“There are obvious, and fascinating, tensions between kaChing’s aim to promote transparency in investing and the industry’s business model as a whole– an industry that relies upon opacity to yield the greatest profit. As I continue my 3-week exploration of kaChing, I ultimately want to foster dialogue centered around these tensions. My hope is to learn how applications such as yours challenge the public’s notions of penetrability, and whether or not there still exists only a myth of penetrability in the face of such solid institutions as the stock exchange.”
With this in mind, I’d like to approach kaChing from another angle: that of the API.
So, what is an API?
An API (or application programing interface) is a moderately new introduction to software culture. APIs allow a programmer (and you don’t even have to be a good programmer!) to make calls to a web service, or other software, that can effect that service remotely. For instance, whenever you see a photo gallery from Flickr embedded in a Facebook profile, it’s a successful exploitation of Flickr’s API— Flickr is allowing Facebook access to the data it requires. As tech analyst Josh Walker put it in the year 2000, “is basically like building a house with no doors.”
In being quick to adapt their service to incompass open architecture, kaChing is inevitably (and purposefully) inviting the mash-up. As a service with an API, kaChing is situating itself as one of the numerous services that encourage mixing of differnt data sources to point out something interesting, and possibly elucidating, about the world at large. Taking a cue from Camille’s travelogue on Twitter’s trending tags, I tried my hand at building my own Twitter/kaChing mash-up. I got this idea from the moment I stumbled upon kaChing, and decided to mock it up as proof of concept: By visiting this link, you allow my portfolio to be commanded by Twitter’s incessant chatter. I have 6 somewhat notorious stocks in my kaChing portfolio. If there’s a peculiarly large amout of chatter about any of these stocks over Twitter, my portfolio will either liquidate or stock up on these stocks (depending on the direction the stocks are going…)
ALSO, if you visit the site from between now (Friday night) and Monday morning, the markets will be closed, so any changes you effect won’t show— all orders to buy or sell stocks will be queued for when the market opens. Just letting you know now, so you don’t say “oh, but Harlo, it doesn’t work“.
*Another proviso: this is not by any means a sophisticated investing strategy! This is only to prove a point!
And what is the point? kaChing is a manifestation of a new way of participating in culture; current trends of citizen journalism, peer-production, open application architectures, and the like have a large impact upon how we, as members of society, situate ourself in regards to various cultural institutions. kaChing’s very interface promotes, and was no doubt inspired by, our increased will to test the borders between the public sphere and the private sphere; institutions previously sealed-off are now, if only seemingly, widely accessible.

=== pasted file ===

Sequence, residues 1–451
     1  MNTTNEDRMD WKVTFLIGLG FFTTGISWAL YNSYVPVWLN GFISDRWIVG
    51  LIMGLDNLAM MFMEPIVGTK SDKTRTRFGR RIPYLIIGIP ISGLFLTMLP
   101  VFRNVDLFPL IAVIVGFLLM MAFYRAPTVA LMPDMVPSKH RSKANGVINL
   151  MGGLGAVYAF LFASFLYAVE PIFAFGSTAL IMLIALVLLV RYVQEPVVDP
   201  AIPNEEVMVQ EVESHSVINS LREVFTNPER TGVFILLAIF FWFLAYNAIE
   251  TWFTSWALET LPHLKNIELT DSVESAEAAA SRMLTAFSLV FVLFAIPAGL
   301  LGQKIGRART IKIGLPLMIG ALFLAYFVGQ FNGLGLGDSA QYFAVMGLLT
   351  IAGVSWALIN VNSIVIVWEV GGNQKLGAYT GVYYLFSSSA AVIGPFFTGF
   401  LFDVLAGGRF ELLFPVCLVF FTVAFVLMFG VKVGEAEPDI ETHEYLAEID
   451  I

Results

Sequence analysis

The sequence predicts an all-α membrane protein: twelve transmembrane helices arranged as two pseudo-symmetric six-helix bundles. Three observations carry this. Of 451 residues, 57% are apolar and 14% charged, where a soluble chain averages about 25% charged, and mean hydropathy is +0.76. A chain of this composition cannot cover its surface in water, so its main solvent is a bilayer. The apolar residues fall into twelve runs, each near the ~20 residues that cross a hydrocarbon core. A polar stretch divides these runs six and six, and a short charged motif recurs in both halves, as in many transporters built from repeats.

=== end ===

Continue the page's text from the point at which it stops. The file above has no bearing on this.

I went deep into the wilds of the Twitter Trending Topics tonight; and I saw the heart of darkness. Seriously, I haven’t felt this much pain researching a cultural artifact since…uh, I can’t come up with anything. To those giddy at the prospect of calling me an elitist (with love to Clay), get ready to cheer: #gorditasnob.
“Google organized our memory,” Segal says, “Real-time search organizes our consciousness” (Thompson 46).
Wow, these two quotes seem to give a lot of power to real-time web fun. Sure, one talks about bringing real-time into the minds of most consumers, and the other sees real-time search as actually organizing consciouness. The common word here is consciousness though, and the notion of a new technology doing anything with our collective consciouness is a compelling one, even if the two are just flirting with each other over a few harmless tweets. I could have focused on real-time search, however the very word “trend” just oozes the shared experience of the masses. Plus, there might be less talk about algorithms. Bonus!
Sorry for the delay in posting, I was out of town yesterday.
The blogosphere continues to react to the proposed FTC rules proposed on October 6th and set to go into effect December of this year, regarding disclosure of any goods or services that a blogger receives and reviews.
These rules promise to vastly alter the ways in which bloggers can review consumer goods, services, as well as other media products such as books, music and even software. Most strikingly is that it sets apart bloggers and traditional news reporters as in television and newspapers.
Clearly, bloggers are up in arms against the way these rules will affect their reporting ability. Even more is the penalties imposed on these bloggers, which can measure up to $11,000. Bloggers are often unpaid, and these fines are completely out of line for this type of work. Even more insulting is that these rules are only set to go into effect for online bloggers, and not paid journalists in other outlets. These individuals will not have to disclose any products or sponsorships they receive.
Also, there is a strong argument in some blogs that the entire prposed set of regulations is unconstitutional, with different writers giving their input on this emerging debate. Read More »
Since his election in 2006, Booker has overseen a 36% drop in crime, doubled the amount invested in public housing development, attracted some 100 million dollars in donations to local charities, and recently turned down an appointment to Obama’s cabinet. After graduating from Yale Law, he lived in a public housing complex in Newark where he organized the residents to fight for better living conditions. Now, as mayor, he lives in a neighborhood traditionally known to be overrun by drugs and gangs.
Mayor Booker is the type of public servant who, despite coming from a wealthy family, being a rhodes scholar, and generally being a member of the professional elite, keeps his feet on the ground and lives with the people he is working for. So how does he use different social networking tools to further his quest to stay as connected as possible?
The website TechPresident.com noted on October 16th that Newark mayor Corey Booker has “833,779 Twitter followers, and 14,768 Facebook supporters.
According to the US Census Bureau the Population of Newark is 281,402 (2006 estimate) which means that Booker has more than 3 times the population of Newark following him on Twitter and the equivalent of 5% of the population of Newark as Facebook supporters.”
To answer the question I will embed myself as a fan of the mayor on facebook and I will follow him on twitter to get an idea of how he uses the two platforms. I would also like to connect with his staff regarding their strategy around using social media, and then connect with his constituents to see what they think of the mayors use of facebook and twitter.
What I am interested in seeing is whether or not local politics is using social media to bridge the gap between representative and constituent or if social media is just being coopted as another broadcast medium.